Mixed models have been developed to deal with repeated data made on the same statistical unit. The standard example is longitudinal data where repeated measurement in time are made on several subjects/individuals/units. Another classical example where mixed models are used is when measurements are made on clusters of related statistical units.
These models are useful in a wide variety of disciplines in the physical, biological and social sciences, such as clinical trials, epidemiology, neuronal science, environmental science, experimental phonetic, etc.
Mixed models allow to deal with the various sources of heterogeneity induced by these repeated measurements, by introducing random effects in the (regression) model. Random effects model the inter-subject variability while the measurement noise models the intra-subject variability.
SVH team work on mixed models from both theoretical and applied points of view.
A first theme, developed by C. Bazzoli, is the computation of the
Fisher information for non-linear mixed models. This aim it to evaluate and optimize the
population designs of clinical studies.
An R module for this, `PFIM', was developed and a scientific/technical
user-support group for it was created in collaboration with INSERM UMR
A second theme, developed by A. Leclercq-Samson, C. Dion, is the specific case of nonlinear mixed
effects models defined by stochastic differential equations. Parametric estimation methods have been developed, including
an exact maximum likelihood approach
(with M. Delattre, AgroParisTech and V. Genon-Catalot, Univ Paris
Descartes) and a particle filter algorithm
(with S. Donnet, INRA). Nonparametric estimation of the distribution of the random effects has also been proposed with an adaptive nonparametric deconvolution technique based on the recent Goldenshluger-Lepski selection method.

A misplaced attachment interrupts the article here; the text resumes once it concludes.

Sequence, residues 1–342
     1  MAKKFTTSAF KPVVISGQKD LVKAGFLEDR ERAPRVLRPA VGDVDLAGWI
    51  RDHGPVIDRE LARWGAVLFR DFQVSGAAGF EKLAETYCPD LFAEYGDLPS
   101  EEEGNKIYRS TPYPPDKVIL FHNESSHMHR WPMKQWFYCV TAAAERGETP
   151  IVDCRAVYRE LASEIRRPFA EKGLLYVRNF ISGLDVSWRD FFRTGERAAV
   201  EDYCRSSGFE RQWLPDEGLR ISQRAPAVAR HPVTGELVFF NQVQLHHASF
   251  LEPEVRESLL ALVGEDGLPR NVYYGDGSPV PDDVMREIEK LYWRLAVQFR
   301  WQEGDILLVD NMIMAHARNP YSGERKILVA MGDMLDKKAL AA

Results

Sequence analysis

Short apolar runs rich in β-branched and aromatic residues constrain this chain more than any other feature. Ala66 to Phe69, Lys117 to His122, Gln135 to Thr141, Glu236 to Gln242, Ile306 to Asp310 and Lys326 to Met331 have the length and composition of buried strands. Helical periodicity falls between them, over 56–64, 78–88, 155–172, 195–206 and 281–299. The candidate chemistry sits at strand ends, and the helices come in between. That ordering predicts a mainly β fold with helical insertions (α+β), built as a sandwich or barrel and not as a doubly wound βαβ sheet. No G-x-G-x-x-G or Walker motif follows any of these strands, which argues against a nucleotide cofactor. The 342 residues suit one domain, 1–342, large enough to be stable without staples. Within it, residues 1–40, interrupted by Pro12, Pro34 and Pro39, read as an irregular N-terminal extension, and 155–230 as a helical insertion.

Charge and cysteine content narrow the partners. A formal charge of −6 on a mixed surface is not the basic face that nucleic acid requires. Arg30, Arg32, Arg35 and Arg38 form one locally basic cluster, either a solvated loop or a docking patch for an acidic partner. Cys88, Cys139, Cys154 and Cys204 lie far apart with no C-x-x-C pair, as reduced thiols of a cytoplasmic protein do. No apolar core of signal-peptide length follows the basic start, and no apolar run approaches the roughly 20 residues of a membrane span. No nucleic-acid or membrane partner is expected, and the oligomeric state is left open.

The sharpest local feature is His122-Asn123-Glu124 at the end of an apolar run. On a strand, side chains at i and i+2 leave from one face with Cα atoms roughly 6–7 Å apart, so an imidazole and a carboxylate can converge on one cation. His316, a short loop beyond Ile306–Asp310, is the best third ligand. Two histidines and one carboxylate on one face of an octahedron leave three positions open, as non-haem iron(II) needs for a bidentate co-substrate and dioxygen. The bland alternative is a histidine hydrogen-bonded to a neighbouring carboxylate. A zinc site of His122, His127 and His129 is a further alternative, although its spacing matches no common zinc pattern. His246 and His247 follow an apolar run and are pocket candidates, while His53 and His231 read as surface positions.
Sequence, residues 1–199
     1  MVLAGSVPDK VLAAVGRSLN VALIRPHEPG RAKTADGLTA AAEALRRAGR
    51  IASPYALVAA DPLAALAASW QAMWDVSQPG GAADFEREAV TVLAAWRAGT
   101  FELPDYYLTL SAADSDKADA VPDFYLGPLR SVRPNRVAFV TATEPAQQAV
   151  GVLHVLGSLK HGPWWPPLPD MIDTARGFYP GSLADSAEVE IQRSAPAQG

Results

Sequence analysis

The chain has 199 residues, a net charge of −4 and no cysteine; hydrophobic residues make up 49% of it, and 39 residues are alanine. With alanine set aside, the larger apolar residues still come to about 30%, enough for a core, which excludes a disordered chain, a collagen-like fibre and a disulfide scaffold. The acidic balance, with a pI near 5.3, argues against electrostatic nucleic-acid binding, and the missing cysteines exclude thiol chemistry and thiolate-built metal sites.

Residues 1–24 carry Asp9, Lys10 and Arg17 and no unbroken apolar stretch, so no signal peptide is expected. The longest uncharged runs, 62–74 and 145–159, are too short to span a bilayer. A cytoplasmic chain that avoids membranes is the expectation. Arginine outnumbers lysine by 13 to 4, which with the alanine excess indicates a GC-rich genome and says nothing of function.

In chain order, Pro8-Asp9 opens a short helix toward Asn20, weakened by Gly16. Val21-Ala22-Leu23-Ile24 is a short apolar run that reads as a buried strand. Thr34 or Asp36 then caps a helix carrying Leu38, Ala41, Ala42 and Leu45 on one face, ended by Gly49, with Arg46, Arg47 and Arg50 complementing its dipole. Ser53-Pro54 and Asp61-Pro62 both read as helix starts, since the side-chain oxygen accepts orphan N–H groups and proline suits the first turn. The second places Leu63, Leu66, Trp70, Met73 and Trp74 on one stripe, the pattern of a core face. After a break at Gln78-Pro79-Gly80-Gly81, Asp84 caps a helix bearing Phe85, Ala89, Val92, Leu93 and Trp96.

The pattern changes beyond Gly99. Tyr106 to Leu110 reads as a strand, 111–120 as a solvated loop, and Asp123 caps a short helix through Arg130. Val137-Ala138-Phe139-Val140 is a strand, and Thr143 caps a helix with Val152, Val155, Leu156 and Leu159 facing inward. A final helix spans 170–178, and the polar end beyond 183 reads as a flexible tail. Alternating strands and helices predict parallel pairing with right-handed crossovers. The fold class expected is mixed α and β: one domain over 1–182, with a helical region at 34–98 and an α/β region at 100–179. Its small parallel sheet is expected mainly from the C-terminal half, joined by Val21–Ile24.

A third theme focuses on estimation in non-linear mixed models. When the regression function is defined as the solution of an ODE or PDE, being difficult to calculate, we propose to resort to krieging to approximate the model. In collaboration with P. Barbillon (AgroParisTech) and Numed team in Lyon, we have shown that this approach gives good estimation results with efficient computational times.
Another direction developed by E. Ollier and A. Leclercq-Samson, in collaboration with V. Viallon (IFSSTAR, Lyon), S. Lambert-Lacroix (TIMC-IMAG) is how to deal with high dimension in mixed models.
The project Phon&Stat is a collaboration between the SVH team and the Gipsa-Lab (speech and cognition department). Data analysed at Gipsa-Lab are repeated and paired and should be analysed by mixed model to take into account inter and intra subject variabilities. Their use has allowed to find significant effect of some covariates, which was not the case with standard analysis.
Using mixed models requires to select the influent covariates among a large number of covariates but with a small number of subjects. Model selection in high dimension has been widely studied in linear model, but only a few papers are available in the context of mixed models. A workshop has been organized in Grenoble on this topic, with 6 speakers. A PhD has started in november 2014 on this subject. 3 papers have already been submitted.
Mixed models have also been widely used in biostatistics, see page Biostat for more details.